Horses Training From Left and Right Sides, Each Eye
How it looks to them
Did you ever wonder why it is only correct to get onto a horse from the left side? Have you ever tried to get up on his back from the right side?
Those really trusty horses that know you and you can do anything with them, that let the kids pull their tail and crawl up their legs, will probably allow you to also get up on him on the right side. But normally and especially with a horse that you do not know, this is not something you want to try.
Here is the reason behind this rule. A horses brain is divided in half. Anyone that breaks a horse, knows that you must train them twice, once on the left side and then on the right. Horses eyes are set on each side of his head. When you mount him on the left, he lets you because that is what he was trained to do. He has never seen a person from his right side mount him, therefore might be a little uncooperative, or even frightened if you were to try it.
If you are handling a young horse, or are trying to work with a horse that has never been ridden, the first thing you want to do is to put a halter on, and walk him, again leading him from one side and then the other. Next you want to tie him up to a post, and with an empty burlap bag, rub the horse all over his body, starting with the head and neck and work your way down, remembering to do this from both sides of the horse. Spend extra time around the saddle area and where the cinch goes, for it is not a natural thing for them to just take to having anything touch them in certain areas of their body.
You will want to work with the horse every day doing any kind of handling that you can think of that will be similiar to grooming and saddling. Eventually, and very gently try lifting a saddle up on his back, remove and again put the saddle up on his back. Go through all the motions of saddling up, without mounting the horse. When he gets used to having an empty saddle on his back, begin walking him with the saddle. This will be strange for him for the stirrups rubbing and bumping, and the cinch, it takes a while for him to get used to feeling all these new strange things.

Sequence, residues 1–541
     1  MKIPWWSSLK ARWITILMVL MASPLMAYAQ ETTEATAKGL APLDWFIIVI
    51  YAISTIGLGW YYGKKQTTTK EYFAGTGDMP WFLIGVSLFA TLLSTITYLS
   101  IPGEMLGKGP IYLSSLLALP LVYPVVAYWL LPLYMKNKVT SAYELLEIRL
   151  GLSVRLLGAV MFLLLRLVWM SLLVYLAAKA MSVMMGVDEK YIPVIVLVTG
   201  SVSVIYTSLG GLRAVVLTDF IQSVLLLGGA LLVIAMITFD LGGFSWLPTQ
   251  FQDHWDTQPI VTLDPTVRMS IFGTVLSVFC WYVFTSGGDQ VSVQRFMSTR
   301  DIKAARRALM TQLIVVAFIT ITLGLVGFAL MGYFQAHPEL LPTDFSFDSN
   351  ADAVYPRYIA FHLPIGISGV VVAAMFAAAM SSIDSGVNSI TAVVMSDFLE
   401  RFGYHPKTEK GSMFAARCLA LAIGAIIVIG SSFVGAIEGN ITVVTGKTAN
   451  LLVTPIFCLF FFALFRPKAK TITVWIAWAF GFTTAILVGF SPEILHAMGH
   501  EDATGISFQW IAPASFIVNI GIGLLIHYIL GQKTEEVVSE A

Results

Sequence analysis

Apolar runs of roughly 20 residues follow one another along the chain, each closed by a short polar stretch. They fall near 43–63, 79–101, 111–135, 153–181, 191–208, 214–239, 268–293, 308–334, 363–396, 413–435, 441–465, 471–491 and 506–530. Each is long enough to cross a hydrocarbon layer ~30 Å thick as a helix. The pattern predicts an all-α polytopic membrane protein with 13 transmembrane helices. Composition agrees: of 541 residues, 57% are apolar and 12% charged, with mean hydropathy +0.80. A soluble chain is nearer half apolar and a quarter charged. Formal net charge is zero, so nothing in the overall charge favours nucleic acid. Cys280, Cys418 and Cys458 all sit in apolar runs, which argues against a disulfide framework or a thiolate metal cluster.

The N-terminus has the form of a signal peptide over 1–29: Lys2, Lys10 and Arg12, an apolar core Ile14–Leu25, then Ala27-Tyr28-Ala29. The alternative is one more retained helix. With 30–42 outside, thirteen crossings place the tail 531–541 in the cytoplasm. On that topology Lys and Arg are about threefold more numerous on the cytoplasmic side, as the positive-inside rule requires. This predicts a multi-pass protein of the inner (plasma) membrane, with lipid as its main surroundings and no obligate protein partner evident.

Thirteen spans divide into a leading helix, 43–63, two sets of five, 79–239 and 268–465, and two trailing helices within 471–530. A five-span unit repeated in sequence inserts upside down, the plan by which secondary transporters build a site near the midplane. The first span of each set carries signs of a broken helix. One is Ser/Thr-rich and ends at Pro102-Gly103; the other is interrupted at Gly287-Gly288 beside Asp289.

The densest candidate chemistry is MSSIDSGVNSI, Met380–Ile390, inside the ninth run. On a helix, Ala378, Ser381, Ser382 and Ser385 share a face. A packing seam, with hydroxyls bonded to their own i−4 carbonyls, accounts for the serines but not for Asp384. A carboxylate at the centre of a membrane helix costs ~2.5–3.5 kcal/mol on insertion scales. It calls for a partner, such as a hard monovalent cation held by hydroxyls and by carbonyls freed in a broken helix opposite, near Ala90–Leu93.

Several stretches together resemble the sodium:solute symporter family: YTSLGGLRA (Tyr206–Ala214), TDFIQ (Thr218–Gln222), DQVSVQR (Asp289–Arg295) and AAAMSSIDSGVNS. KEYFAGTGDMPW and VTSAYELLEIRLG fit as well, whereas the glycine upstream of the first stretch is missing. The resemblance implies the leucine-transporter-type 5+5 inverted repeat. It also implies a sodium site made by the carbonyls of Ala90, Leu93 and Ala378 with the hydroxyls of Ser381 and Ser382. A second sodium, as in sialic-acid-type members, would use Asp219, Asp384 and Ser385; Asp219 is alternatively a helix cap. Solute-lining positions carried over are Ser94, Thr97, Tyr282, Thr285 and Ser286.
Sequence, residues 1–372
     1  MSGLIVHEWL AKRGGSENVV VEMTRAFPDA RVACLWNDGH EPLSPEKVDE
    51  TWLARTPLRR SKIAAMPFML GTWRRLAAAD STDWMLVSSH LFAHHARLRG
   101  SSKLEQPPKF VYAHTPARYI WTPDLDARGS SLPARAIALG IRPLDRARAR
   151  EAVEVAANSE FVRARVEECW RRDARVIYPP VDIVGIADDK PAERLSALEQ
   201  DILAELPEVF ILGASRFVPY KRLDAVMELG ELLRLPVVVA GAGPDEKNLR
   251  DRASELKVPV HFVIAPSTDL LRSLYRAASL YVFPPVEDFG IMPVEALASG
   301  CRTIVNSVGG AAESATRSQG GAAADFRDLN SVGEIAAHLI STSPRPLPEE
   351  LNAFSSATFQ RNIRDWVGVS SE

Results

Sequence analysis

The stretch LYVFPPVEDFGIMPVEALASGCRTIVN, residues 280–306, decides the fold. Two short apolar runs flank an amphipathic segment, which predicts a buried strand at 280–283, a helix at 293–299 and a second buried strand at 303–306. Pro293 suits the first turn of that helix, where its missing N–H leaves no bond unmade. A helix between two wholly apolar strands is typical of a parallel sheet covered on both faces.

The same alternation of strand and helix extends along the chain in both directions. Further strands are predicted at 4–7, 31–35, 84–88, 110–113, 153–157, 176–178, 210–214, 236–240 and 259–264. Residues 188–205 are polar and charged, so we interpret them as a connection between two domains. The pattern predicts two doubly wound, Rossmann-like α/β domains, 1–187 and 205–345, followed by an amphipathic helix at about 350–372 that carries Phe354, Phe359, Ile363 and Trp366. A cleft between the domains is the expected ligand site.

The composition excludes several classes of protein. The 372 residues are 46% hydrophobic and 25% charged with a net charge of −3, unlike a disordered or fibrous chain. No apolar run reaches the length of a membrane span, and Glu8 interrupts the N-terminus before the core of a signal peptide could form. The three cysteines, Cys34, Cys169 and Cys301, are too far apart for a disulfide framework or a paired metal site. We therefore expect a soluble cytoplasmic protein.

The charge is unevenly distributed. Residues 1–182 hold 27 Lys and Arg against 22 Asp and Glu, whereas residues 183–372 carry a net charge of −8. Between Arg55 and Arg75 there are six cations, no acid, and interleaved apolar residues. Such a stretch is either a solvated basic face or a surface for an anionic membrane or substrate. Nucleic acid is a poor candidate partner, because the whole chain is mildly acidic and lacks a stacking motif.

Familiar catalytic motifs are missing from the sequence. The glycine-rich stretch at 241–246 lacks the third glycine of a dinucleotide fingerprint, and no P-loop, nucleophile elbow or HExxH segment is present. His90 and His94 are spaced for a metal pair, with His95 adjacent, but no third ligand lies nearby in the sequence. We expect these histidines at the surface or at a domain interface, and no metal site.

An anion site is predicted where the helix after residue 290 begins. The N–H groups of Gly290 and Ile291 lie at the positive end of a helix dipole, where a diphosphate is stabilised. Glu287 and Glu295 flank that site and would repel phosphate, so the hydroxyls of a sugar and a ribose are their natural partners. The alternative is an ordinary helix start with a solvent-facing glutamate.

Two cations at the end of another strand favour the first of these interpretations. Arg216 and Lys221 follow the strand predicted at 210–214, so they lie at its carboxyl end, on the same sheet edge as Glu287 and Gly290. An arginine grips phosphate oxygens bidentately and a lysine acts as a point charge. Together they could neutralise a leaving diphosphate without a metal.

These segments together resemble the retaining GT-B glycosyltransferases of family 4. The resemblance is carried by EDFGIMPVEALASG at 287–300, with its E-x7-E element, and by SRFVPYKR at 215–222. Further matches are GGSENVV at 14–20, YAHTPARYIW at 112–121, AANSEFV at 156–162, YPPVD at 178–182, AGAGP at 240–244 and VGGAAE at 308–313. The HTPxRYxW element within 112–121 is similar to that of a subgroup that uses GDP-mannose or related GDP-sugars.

So it is with everything that you do with your horse. If you exercise him by lunging him, You must train him to go in a left circle around you, the again to turn around and go the other direction. (Lunging is when you make your horse walk, trot or gallop around you with only a halter and a rope, with you in the center.)
Even grooming must be introduced to you animal on each side. All these things are especially important to remember if you are handling a new addition, or if your mare has a foal. The young horse has to learn many things, and it can be not only frustrating, but dangerous if you forget this important step. Young colts are known to play with you, by biting and kicking, just as they would play with another horse, and if you deal with this problem only from one side and not the other, you could get hurt.
Other horse habits or even problems, such as one horse I had that always wanted to spook whenever we came up to a corner of a building. I spent many many hours making her approach these kinds of places and situations. I always had to remember to turn her around, and approach the corner from the other direction, so that she would truly know and understand that there was nothing there to spook at, from either way, or side.
Knowing is half the battle, or in this case a quarter of the battle, for you must do everything twice when teaching your horse anything. Good luck and have patience.